In the case of texts like this which are so strongly characterised by timbre, production value, sound processing and synthesis, the use of traditional musical analysis as the primary means of describing musical experience is often called into question.59 However, although I have framed 2049 as an archetype for the importance of timbre and instrumentation in contemporary scoring, I believe a more integrated approach is essential to reveal the extent and intricacies of Zimmer and Wallfisch’s citational practice, incorporating more traditional musical analysis alongside the contemporary paradigms I have explored above. As such, this section comprises in-depth harmonic and thematic analyses of Zimmer and Wallfisch’s score, allowing us to more precisely trace and account for their elaborate transformations of Vangelis’ original Blade Runner score.
So then, what characteristics best constitute what Rudolph Reti would call the “identical musical substance” that the soundtrack of both Blade Runner and its sequel share?60 Let’s first turn to Vangelis’ “Opening Titles” from the original film:
Motivically-speaking, the essence of this track might be broken down into two constituent defining motifs or particles (see Figure 4). Disregarding the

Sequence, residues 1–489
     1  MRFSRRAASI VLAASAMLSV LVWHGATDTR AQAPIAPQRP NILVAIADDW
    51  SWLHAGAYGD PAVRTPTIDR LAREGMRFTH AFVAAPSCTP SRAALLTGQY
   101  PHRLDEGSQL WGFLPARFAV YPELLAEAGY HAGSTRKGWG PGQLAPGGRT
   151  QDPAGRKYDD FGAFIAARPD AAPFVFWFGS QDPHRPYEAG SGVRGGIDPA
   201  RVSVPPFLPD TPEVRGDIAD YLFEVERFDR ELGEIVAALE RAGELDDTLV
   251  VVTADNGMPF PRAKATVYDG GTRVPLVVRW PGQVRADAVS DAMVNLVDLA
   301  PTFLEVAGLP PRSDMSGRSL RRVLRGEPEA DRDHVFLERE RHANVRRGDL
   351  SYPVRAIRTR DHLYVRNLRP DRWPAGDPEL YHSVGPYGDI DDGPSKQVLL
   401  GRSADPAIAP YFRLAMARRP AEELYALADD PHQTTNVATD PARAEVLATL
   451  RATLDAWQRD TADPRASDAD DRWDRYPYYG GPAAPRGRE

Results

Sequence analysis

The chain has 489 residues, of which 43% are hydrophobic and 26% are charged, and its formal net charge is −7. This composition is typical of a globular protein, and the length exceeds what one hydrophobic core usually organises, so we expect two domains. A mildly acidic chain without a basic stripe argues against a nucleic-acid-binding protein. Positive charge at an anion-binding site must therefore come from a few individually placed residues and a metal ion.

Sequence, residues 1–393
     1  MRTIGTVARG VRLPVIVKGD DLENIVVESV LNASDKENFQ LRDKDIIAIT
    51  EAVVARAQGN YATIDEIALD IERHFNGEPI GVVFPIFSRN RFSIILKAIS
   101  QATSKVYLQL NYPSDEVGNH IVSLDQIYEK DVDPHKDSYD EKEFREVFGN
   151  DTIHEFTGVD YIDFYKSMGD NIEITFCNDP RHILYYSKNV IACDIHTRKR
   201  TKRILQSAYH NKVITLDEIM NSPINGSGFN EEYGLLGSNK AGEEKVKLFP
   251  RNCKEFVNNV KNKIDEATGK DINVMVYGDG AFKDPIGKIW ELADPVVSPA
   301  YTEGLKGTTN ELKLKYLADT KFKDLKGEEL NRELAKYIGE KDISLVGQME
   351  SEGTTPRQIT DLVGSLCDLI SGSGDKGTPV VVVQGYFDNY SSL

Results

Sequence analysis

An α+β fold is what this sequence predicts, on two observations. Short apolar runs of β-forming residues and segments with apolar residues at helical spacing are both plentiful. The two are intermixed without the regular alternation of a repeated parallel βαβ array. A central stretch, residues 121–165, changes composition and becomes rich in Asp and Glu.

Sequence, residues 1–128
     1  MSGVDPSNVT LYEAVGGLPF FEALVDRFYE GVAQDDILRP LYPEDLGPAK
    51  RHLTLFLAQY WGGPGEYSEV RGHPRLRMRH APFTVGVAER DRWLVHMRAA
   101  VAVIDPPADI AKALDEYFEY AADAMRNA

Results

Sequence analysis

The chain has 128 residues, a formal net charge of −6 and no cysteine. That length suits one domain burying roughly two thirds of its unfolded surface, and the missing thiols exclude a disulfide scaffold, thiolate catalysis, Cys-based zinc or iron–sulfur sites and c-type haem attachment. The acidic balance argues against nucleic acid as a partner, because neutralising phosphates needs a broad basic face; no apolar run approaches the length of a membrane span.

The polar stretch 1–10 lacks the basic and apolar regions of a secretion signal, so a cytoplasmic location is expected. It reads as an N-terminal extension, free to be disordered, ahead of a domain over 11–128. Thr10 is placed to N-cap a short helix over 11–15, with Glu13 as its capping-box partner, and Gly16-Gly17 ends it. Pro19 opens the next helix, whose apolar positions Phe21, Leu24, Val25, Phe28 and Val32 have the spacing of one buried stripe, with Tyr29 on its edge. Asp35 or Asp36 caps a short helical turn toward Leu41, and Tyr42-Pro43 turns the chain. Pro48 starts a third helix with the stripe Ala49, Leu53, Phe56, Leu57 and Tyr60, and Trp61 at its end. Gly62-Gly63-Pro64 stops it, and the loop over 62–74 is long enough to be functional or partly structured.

quaver movement in Motif (ii) as a sort of fanfare-like ornament, we might take both motifs as two very recognisable four-note phrases. Motif (i) begins with a major 2nd ascent from the tonic (Eb-F), before falling a perfect 4th to the submediant (C) and then a 2nd to the dominant (Bb). This last descending motion (from C-Bb, sixth to dominant) is perhaps the most recognisable element of Motif (i). Similarly, Motif (ii) begins with a major 2nd ascent from the tonic, before departing from the first motif with a prominent third harmony, emphasising the decidedly major tonality of “Opening Titles.” This major 3rd may well be considered a signifier of Vangelis’ score at large, especially given the subsequent sense of optimism and natural expansiveness that it confoundingly communicates amid the distressing dystopian skyline of the film’s opening sequence.
Turning to 2049, let’s begin with the film’s equivalent title sequence and its accompanying score, simply titled “2049.” The deliberateness with which the film’s opening visually cites the 1982 sequence is transparent from the outset, yet its musical citation is not so immediately apparent:
This cue sounds immediately at odds with the music of the title scroll from 1982. However, despite the markedly more sparse and barren qualities, both visually and in the accompanying soundtrack, perhaps the first distinguishable nod to Vangelis’ score is to be found in the E# accidentals dotted throughout this track. Given its key of C# minor (a tonality established in sparse piano chords immediately preceding this excerpt), these accidentals consciously communicate the same major key cadential resolve that was crucial in Motif (ii) of Vangelis’ 1982 “Opening Titles”: the synth brass fanfare-like ornament that, as we have seen, was so central in conjuring original film’s tonal juxtaposition of natural expansiveness and oppressive dystopia.